- In Dockets UE-191023 and UE-190698, the Commission adopted rules relating to utility resource planning and development of Clean Energy Implementation Plans, as required under CETA.
- In Docket UE-190837, the Commission adopted rules related to utility requests for proposals (RFPs) regarding a utility’s purchase of electricity.
- In Docket UE-200629, the Commission received comments and held workshops on low-income energy assistance. The Commission established that the regulated utilities must file new tariffs or information demonstrating their compliance with CETA no later than July 31, 2021.
- In Docket UE-210183, the Commission is considering rules regarding how utilities will meet their obligations under CETA with market purchases. Public Counsel has engaged an expert to assist with this rulemaking.
Commission Staff alleges CenturyLink’s deficient management caused December 2018 911 Outage
The Commission filed a complaint alleging CenturyLink violated state statutes by improperly managing their 911 services, causing a major 911 outage in December 2018 across the state that lasted 49 hours and 32 minutes. Commission Staff, which functions as a party in Commission proceeding, prepared a technical report identifying the cause of the outage to be CenturyLink’s improper configuration of its network infrastructure. The report also indicates deficient network management and alleges that this led to the lengthy duration of the outage. Public Counsel will file testimony on July 29 and participate in an evidentiary hearing in January 2022.
Public Counsel recommends full penalties for moving company operating without permit or insurance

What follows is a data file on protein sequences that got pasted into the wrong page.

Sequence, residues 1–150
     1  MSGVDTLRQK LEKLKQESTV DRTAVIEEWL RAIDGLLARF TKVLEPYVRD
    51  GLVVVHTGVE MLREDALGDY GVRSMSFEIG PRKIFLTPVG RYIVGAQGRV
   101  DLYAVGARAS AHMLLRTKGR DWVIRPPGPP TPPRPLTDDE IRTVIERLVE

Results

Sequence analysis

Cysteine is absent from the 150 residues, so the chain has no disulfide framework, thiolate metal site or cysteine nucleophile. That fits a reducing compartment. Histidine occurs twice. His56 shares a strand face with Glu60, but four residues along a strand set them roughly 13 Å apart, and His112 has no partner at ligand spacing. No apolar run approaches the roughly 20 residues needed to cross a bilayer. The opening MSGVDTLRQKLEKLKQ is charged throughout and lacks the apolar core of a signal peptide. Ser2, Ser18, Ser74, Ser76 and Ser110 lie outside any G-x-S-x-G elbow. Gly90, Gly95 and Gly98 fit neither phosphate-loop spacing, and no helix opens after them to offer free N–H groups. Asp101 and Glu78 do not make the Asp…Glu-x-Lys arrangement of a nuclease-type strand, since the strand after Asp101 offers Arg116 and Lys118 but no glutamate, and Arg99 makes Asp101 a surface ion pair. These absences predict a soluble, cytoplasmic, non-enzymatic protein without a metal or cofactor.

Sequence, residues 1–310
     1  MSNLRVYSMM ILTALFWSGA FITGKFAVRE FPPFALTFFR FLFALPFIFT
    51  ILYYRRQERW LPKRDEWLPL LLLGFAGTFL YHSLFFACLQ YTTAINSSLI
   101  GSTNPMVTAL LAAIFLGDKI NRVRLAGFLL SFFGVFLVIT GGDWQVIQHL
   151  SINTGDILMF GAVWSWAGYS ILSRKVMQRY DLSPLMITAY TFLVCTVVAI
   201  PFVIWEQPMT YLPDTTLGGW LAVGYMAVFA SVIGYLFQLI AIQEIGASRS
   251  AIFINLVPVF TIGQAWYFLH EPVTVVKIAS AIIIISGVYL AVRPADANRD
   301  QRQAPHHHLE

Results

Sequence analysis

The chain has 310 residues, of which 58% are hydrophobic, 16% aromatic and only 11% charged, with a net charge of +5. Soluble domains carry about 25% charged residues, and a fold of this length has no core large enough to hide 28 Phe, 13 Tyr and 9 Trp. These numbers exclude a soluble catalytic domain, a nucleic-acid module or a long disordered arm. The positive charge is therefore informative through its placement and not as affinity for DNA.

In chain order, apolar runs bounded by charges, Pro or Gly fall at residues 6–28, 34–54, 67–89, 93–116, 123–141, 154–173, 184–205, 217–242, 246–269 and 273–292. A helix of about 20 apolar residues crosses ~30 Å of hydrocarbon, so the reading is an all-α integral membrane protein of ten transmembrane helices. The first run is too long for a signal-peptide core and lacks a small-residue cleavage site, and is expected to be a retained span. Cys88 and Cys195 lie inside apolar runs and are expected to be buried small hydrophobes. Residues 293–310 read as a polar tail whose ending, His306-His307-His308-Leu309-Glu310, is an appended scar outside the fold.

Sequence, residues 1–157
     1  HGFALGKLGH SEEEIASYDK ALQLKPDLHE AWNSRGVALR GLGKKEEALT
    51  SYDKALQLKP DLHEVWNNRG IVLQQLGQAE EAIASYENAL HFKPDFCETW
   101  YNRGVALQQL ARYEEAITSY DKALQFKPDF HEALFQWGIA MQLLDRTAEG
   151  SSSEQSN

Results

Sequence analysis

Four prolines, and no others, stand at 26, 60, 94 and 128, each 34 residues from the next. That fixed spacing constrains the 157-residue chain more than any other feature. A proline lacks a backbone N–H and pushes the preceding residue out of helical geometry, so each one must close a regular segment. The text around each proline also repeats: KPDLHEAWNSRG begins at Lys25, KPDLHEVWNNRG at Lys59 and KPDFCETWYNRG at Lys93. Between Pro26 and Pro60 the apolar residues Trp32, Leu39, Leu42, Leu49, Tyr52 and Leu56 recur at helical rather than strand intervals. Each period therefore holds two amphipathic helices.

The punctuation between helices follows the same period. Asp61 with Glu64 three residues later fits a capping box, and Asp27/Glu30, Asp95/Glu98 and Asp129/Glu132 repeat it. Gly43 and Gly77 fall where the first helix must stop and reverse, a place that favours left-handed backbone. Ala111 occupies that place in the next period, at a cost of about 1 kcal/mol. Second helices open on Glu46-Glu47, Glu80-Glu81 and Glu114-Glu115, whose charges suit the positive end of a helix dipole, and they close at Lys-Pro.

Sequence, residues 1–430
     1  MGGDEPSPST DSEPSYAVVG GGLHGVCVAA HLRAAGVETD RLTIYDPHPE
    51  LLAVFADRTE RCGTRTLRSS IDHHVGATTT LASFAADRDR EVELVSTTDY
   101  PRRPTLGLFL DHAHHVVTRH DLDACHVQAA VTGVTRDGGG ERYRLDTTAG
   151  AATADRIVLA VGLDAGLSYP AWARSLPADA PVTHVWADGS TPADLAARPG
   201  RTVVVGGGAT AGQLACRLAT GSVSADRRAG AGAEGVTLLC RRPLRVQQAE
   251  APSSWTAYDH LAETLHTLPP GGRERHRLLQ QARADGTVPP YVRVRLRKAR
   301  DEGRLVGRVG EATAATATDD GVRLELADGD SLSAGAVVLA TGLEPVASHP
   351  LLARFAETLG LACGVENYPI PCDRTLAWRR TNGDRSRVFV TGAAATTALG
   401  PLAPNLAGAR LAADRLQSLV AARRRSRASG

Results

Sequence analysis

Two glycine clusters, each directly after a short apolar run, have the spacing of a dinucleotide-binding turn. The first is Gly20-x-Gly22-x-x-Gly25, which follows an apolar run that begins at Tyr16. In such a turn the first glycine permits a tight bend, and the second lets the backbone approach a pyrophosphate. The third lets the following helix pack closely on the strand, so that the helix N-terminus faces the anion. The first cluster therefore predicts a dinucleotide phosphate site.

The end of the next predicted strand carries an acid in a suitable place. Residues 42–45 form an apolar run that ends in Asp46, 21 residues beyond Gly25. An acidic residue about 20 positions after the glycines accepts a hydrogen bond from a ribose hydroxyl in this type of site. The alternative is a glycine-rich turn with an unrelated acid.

The Commission issued a complaint against Super Friends Moving, LLC, alleging that the company operated without a permit and that it violated a prior cease and desist order. The Commission sought $20,000 in penalties. Public Counsel, Commission Staff, and the company reached a settlement that required the company to pay the full penalty, return a deposit paid by Commission Staff during its investigation of the company, and attend Commission-sponsored household goods carrier training. The settlement also highlighted that any further violations of the prior cease and desist order may result in additional enforcement action by the Commission. The Commission approved the settlement on June 2, 2020. After the Commission approved the settlement, Super Friends continued to advertise for its moving services. As a result, the Commission brought a another complaint against Super Friends, again seeking $20,000 in penalties. The Commission issued a default order against the company, which failed to appear after receiving notice of the proceeding.
Puget Sound Energy’s rates increase due to increased power costs